I was driving down the highway the other day when I saw a billboard that practically stopped me in my tracks. “Children are like mirrors,” it said. “They reflect the image of their parents.” That billboard got me thinking.
I know a mom who loves to shop for salvaged dinnerware at Salvation Army stores. For years, her two daughters thought she was crazy, until they both grew up and moved out on their own. Now, when the girls have a Saturday free, they call up their mom to see if she wants to go shop for used plates.
Children are like mirrors.
A friend of mine has been serving on a local police force for years. When he was a young officer just starting out, he arrested a man for domestic abuse. The man’s son, still a little boy, stood in a corner of the house and watched as his daddy was taken away.
Years later, that same officer went to another house and arrested another man—that little boy from the corner, all grown up. The charge? Domestic abuse. Like father, like son. “It was as if I was looking at a replica,” the officer told me.
Children are like mirrors.
Sometimes when I’m mad, I use the word frickin’. Even though I don’t like the word much, even though my wife strongly advises against it, and even though some readers will probably write me seething e-mails this afternoon because of it, I admit that I let the word slide sometimes.
I’ve always known that it’s not the best habit or the nicest choice of words, but I figured it wasn’t a big deal. Not a big deal, that is, until the word got reflected back at me off the vocal chords of my nine-year-old daughter.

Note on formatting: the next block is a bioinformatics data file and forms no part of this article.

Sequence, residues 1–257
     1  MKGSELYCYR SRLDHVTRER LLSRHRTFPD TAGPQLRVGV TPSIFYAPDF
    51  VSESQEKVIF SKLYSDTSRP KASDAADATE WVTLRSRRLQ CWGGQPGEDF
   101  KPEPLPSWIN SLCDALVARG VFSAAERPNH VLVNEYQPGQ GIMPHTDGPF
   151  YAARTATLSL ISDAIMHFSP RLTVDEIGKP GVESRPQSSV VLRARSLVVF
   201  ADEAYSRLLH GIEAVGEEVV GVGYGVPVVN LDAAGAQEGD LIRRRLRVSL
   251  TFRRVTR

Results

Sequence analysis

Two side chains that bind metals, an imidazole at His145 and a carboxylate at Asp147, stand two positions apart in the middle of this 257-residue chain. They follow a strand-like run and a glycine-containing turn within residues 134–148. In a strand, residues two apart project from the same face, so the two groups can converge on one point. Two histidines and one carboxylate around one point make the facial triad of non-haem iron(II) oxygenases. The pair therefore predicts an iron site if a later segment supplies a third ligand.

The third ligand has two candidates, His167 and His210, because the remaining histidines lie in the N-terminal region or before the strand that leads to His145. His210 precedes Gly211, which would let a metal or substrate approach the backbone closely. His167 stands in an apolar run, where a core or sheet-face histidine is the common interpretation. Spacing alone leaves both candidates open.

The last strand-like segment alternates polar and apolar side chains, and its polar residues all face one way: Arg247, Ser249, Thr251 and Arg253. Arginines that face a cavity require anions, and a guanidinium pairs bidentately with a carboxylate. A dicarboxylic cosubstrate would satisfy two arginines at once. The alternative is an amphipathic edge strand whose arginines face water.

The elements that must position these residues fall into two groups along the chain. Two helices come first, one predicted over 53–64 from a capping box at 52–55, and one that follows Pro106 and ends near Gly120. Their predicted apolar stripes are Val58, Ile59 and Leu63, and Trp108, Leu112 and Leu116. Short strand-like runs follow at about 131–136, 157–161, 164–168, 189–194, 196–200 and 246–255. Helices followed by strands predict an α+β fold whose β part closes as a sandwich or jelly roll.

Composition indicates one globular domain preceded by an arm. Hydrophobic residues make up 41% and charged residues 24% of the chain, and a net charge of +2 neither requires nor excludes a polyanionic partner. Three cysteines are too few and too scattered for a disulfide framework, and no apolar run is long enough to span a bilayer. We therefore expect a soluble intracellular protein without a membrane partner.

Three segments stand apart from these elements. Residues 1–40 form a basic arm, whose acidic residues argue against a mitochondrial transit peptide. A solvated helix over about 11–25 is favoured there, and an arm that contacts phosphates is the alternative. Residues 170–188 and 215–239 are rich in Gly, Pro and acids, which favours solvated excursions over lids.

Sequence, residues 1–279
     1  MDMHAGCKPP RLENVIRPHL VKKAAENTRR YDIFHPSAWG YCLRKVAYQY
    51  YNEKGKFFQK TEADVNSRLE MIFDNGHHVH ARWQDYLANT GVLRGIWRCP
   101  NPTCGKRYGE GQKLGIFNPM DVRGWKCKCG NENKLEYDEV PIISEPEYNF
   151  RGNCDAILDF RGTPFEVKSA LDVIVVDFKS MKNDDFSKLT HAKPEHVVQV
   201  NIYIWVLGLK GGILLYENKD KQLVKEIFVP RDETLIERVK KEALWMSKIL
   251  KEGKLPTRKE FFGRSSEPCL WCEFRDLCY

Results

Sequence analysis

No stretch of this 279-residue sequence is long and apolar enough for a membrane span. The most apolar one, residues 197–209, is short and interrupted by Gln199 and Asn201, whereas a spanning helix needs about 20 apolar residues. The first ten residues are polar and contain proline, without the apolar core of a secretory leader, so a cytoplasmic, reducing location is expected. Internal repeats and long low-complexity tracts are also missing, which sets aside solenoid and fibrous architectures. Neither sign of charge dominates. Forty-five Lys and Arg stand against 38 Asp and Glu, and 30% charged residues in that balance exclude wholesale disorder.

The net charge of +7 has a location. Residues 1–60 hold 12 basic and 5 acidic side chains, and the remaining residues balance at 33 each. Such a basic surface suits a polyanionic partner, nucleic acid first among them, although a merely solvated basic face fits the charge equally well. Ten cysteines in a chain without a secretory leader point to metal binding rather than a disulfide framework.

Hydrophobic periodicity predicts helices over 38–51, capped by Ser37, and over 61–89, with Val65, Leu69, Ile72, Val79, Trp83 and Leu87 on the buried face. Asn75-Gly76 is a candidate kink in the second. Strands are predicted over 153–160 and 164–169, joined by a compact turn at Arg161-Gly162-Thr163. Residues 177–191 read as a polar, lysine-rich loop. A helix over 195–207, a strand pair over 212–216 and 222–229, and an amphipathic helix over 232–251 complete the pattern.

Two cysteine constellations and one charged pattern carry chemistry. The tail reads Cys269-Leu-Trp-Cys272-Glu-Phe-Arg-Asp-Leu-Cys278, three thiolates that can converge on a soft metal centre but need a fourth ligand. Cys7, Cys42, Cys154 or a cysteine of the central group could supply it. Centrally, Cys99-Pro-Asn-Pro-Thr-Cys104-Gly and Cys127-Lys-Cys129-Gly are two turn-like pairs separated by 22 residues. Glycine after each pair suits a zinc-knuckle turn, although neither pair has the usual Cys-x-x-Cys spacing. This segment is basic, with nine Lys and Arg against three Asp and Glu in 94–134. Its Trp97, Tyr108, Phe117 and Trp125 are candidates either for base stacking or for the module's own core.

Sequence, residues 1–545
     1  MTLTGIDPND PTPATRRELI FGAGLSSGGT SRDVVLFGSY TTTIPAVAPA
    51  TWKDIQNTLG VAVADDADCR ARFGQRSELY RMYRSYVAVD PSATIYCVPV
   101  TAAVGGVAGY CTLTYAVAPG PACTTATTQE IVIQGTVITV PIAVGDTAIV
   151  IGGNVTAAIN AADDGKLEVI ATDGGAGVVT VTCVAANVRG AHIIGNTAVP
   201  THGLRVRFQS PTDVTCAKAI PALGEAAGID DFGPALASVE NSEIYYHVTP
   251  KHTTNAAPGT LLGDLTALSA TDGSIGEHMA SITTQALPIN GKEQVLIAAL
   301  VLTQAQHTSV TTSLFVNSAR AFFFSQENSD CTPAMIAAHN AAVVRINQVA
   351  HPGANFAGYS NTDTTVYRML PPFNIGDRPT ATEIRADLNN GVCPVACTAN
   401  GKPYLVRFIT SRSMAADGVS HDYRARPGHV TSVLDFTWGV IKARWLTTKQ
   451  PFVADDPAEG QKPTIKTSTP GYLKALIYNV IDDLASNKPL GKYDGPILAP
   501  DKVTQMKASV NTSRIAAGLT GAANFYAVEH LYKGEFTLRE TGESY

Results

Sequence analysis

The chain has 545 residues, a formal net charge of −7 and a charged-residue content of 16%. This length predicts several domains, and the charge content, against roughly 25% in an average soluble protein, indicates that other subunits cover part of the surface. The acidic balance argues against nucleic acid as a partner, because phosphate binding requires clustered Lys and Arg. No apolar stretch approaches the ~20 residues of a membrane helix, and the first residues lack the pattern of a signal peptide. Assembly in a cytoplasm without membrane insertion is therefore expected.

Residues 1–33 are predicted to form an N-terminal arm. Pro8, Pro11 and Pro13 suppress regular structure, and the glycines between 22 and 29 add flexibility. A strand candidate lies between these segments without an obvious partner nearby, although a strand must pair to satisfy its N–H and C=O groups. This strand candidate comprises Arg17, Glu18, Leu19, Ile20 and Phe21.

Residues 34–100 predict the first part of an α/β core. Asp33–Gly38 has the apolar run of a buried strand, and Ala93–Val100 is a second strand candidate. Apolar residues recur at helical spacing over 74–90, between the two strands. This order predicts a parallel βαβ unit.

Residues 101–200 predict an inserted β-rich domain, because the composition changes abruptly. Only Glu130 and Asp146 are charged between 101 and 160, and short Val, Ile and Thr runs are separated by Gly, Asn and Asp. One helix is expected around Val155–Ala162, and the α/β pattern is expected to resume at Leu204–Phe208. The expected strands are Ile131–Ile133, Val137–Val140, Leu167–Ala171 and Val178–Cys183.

The first time I heard her say it, I think my eyes nearly bulged out of my head. My muscles tensed up and my thoughts sputtered: What in the world makes her think using that word is appropriate?
That’s the thing about mirrors. Even when something feels OK on you, sometimes when you get a smudge-free glimpse of its reflection, the reality is downright ugly. You see your behavior in a whole new light when you see it in your child.
Mirror, mirror, on the wall—how’s my parenting?
Whether we try to or not, we all project certain images, habits, and behaviors. And whether we like it or not, kids tend to reproduce them. Children become what they see, not what we tell them to be. In parenting, far more is caught than is taught.
So the question for parents is simple: are we projecting the kind of images that we want our kids to duplicate? Think about it. If, by some fluke, your child transformed overnight into a carbon-copy version of yourself, would they be better for it?
If they used precisely the same tone of voice, precisely the same anger management techniques, precisely the same discipline methods as you do, would it be something to be proud of?
If they suddenly became your Mini-Me, would that be a good thing? Would they be wiser, kinder, more respectful, more compassionate, if they were more like you?
If you’re dissatisfied with some of the behaviors and qualities you’ve seen in your children, could it be possible that the problem begins somewhere other than those reflections? After all, if you want to change the person you see in the mirror, you have to change the person being reflected.